Group Seeking Election Forms Nā Makalehua Collective
A group of young Native Hawaiians have organized to form Nā Makalehua, a collective consisting of 19 individuals who are seeking delegate seats to participate in the Na‘i Aupuni Native Hawaiian constitutional convention.
The group is among 200 candidates who are vying for 40 delegate spots to serve on the Native Hawaiian constitutional convention or ‘Aha. The election of delegates will take place from Nov. 1 to 30, with election results to be announced publicly on Dec. 1, 2015.
There are two Maui candidates identified as members of Nā Makalehua: ‘Olu Campbell and Kaniela Ing.
The complete list of Nā Makalehua members includes: Catelin Aiwohi, US Continent; Zuri Aki, O‘ahu; Nā‘ālehu Anthony, O‘ahu; ‘Olu Campbell, Maui; Jocelyn Doane, O‘ahu; Tyler Gomes, O‘ahu; Kaniela Ing, Maui; Matthew Ka‘aihue, O‘ahu; Amy Kalili, Hawai‘i Island; Dreanalee Kalili, O‘ahu; Adrian Kamali‘i, O‘ahu; Keoni Kuoha, O‘ahu; Kūhiō Lewis, O‘ahu; Shane Palacat-Nelsen, Hawai‘i Island; Anthony Melvin Makana Paris, O‘ahu; Davis Price, O‘ahu; Keani Rawlins-Fernandez, O‘ahu; Rebecca Justine ‘Iolani Soon, O‘ahu; and Hinaleimoana Wong-Kalu, O‘ahu.
Nā Makalehua group has committed to abide by a set of values and principles that they say will guide how they engage in the work ahead. According to the group’s website, these values and principles include: (1) ‘auamo kuleana, fulfill responsibility; (2) ho‘āno pu‘uhonua, honor our safe zone; (3) ho‘ōla ho‘opa‘apa‘a, perpetuate a Hawaiian approach to discourse and debate; (4) mālama pilina, nurture relationships; and (5) me ka ho‘okō kapu aloha, abide by a code of deep respect.
“We each have different goals for the upcoming ‘aha and different ideas about how to best resolve the issues facing Native Hawaiians, but we have agreed to respect each others’ views and engage in a form of diplomacy that we feel is required by our communities, our families and this process,” said Anthony Melvin Makana Paris, a member of the coalition and a candidate seeking an Oʻahu seat in a press release announcement.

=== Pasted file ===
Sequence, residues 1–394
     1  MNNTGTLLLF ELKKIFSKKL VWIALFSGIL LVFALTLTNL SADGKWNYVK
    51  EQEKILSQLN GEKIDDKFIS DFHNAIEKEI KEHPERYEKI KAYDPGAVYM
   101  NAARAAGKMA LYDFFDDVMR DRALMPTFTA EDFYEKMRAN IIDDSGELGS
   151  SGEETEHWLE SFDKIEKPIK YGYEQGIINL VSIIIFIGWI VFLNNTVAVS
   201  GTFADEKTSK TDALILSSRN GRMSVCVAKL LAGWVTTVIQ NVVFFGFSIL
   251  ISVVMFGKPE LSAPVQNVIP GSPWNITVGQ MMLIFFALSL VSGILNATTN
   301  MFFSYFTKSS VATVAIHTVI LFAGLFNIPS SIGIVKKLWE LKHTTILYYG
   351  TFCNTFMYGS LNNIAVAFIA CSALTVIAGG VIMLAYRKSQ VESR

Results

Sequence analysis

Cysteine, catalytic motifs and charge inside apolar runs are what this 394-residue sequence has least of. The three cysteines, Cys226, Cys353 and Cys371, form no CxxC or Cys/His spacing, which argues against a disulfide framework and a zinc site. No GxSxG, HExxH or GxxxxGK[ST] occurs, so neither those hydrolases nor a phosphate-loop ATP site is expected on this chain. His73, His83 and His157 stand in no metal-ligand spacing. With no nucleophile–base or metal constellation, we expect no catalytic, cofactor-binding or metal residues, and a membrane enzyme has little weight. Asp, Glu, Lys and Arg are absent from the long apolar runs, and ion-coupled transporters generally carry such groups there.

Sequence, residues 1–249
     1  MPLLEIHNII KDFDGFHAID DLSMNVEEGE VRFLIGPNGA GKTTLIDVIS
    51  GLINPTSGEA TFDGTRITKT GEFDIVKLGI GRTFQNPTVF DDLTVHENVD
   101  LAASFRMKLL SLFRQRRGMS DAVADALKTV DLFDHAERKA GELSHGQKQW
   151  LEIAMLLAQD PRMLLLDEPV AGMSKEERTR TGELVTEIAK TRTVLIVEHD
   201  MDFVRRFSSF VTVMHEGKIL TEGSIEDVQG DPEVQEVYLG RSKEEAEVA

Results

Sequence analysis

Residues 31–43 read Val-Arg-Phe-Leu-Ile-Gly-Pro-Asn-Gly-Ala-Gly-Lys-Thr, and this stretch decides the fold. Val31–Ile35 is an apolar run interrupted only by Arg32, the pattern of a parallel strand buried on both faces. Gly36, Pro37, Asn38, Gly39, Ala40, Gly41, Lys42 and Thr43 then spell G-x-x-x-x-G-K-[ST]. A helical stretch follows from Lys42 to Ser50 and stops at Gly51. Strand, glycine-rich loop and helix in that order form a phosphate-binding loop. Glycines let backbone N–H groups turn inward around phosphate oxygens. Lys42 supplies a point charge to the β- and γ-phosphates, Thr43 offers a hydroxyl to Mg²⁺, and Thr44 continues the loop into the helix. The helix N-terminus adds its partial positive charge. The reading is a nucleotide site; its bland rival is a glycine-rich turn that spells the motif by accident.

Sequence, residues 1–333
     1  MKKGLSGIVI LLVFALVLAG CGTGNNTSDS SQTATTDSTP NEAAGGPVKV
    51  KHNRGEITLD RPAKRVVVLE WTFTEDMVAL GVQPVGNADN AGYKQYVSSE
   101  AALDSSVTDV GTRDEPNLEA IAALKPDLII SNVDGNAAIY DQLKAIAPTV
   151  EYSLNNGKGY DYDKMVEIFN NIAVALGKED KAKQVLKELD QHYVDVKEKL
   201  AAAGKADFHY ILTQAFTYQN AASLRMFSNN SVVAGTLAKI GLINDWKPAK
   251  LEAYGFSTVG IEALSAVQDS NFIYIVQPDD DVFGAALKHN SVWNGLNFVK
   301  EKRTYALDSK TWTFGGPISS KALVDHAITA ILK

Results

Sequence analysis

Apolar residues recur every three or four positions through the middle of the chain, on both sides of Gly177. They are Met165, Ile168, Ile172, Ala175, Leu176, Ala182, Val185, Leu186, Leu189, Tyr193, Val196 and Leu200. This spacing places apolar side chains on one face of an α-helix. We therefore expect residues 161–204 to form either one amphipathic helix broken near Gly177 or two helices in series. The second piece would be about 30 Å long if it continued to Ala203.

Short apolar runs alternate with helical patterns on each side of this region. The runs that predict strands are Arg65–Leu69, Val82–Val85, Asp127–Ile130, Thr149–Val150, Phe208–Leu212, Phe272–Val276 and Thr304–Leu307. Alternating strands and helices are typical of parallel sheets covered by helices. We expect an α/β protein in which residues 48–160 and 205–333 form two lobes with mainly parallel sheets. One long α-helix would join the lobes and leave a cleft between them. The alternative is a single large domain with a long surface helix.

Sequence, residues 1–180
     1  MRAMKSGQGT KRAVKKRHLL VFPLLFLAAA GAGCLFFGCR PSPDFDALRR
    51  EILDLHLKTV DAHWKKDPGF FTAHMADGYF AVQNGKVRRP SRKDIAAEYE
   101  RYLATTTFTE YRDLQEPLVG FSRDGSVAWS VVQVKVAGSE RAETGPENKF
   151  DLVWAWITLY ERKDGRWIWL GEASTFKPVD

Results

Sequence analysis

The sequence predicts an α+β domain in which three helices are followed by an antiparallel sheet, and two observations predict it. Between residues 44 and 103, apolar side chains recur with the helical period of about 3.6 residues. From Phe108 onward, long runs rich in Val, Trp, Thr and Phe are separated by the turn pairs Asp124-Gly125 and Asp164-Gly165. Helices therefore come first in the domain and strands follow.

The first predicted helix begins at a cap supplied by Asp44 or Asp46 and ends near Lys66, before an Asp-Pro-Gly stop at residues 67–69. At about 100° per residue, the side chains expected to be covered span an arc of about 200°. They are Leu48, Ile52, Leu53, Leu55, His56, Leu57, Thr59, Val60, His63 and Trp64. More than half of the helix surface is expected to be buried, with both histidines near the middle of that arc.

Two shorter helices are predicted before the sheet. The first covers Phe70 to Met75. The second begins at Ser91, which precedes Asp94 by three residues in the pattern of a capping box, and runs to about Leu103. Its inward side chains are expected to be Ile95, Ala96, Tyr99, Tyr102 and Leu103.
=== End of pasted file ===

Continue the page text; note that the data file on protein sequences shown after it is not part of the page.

Amy Kalili, a candidate seeking a Hawaiʻi island seat, continued by saying, “we stand together, in aloha, as a new generation of humble and prepared warriors, to use this moment as an opportunity before us to hoʻoholomua our lāhui and fullfill our kuleana.”
On Maui there are 16 people running for three representative spots on the Valley Isle; and three individuals are running for a single representative spot for Molokaʻi and Lānaʻi.
“With the charge and blessing of mentors and kūpuna, these leaders stand together, as a new generation of humble and prepared warriors, to use this moment as an opportunity to ho‘oholomua (to move forward) their lāhui and fulfill their kuleana,” according to a group description on the Nā Makalehua website.
Naʻi Aupuni, an independent organization made up of a volunteer board of directors from the Hawaiian community, is facilitating the election. The group was established “solely to create a path to Hawaiian self-determination.”